and acting Burgess Hart appears while
Bro. Kennedy, President of Council, is in
the town their will be fun. HALT.
Johnstown, Pa., Oct. 28, 1889.
Repairing St. John*# Convent.
St. John's Convent on Clinton street, is
nearing completion. More than half of
it was taken away by the flood. It is be
being rebuilt tne same size as before, but
improved in appearance by a roof with
pitch, the old roof being flat. Some
cut stone will also add to its appearance.
In the center of the front near the cor
nice is a large stone tablet inscribed as
follows ;
; Flood I
: May 31, 1889. :
: Rebuilt 1889. I
At present Father Tahaney Is occupying
the |part of the building that remains
standing, as a residence.
The Wreck of the Franklin Street Bridge.
The wreck of the Franklin Street bridge
lies on a deposit in the Stony Creek be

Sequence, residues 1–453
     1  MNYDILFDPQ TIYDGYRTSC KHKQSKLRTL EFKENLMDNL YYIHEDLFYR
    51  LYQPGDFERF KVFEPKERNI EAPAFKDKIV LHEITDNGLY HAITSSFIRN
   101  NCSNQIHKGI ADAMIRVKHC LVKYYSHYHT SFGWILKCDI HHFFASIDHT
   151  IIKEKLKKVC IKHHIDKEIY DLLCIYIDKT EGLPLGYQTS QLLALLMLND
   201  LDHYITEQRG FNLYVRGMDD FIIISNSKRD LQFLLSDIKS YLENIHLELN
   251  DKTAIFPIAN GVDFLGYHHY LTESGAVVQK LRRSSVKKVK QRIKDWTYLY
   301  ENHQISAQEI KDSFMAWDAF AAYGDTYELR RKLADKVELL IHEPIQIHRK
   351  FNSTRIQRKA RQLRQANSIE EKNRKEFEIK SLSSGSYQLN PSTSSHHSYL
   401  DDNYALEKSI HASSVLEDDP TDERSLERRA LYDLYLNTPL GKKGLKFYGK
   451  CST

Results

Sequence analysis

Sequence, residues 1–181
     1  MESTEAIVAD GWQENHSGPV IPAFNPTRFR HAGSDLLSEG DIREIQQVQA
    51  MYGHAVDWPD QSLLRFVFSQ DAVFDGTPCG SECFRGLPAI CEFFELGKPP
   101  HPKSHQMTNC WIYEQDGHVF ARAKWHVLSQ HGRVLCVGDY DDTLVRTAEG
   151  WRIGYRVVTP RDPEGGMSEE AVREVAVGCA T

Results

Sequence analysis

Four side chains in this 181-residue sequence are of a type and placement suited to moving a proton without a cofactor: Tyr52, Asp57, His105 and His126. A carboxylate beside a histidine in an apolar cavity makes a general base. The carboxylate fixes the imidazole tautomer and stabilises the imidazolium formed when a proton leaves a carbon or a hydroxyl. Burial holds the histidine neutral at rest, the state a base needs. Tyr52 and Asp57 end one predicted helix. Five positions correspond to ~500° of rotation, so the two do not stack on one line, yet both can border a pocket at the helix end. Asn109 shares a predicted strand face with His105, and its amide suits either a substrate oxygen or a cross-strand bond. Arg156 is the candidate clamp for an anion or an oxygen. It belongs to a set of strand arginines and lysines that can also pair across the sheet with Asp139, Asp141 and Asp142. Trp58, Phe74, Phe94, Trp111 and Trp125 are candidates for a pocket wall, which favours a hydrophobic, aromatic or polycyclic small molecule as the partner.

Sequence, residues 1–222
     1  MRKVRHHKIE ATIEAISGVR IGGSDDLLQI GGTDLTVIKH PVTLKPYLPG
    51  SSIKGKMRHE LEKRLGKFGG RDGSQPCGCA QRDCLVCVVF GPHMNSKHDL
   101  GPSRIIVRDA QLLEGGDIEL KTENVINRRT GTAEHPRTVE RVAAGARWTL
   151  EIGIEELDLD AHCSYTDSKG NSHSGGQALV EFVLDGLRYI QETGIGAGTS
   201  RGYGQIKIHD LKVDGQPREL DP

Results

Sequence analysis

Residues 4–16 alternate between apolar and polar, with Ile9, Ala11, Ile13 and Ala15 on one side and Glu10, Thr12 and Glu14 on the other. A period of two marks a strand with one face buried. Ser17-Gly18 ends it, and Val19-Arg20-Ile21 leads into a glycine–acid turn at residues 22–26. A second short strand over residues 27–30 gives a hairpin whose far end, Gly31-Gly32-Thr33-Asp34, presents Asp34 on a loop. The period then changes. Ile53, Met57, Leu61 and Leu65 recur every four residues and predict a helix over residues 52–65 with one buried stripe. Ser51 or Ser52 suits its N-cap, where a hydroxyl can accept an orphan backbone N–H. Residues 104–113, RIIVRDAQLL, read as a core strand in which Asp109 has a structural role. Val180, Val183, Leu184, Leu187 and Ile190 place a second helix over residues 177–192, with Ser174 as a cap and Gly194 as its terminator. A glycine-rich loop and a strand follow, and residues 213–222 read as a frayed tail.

low the end of Napoleon street. It would
have been a sight in ordinary times to see
such a wreck, but owing to the awful de
struction caused by the flood, it does not
attract much attention. The bridge was
completely overturned, and lies with the
bottom up. The huge irons are broken
and twisted in an almost incredible man
ner. Workmen of a rliiladelpliia Com
pany, which liougt it from the Edgomore
Bridge Compay,arc engaged in taking the
bridge apart, preparatory to moving
it. It was bought from Johnstown
boroughs by the latter company.
Removing the 11 InIV.
About 135 men, under Contractors T.
Bautou Brown & Co., of Philadelphia,
are at work removing the blult on the
north side of the Pennsylvania Railroad,
opposite the upper works. The rock und
earth, as they are cut from the north Bide
of the track, are carted across and dump-
I ed on the south side to make emfrMik
| mctUs for a new track. Another track
j will also be laid on the north side, at this
j point. By the time ihe contemplated im
-1 provements are finished there will be four
j tracks from below Sheridtin to half a
mile beyond East C. nemaugh.
Here's Advice From the Greatest Boom
City of the Booming West.
Mary 8. Putnam, M. D., of Spokane
Falls, Washington, writes to tho New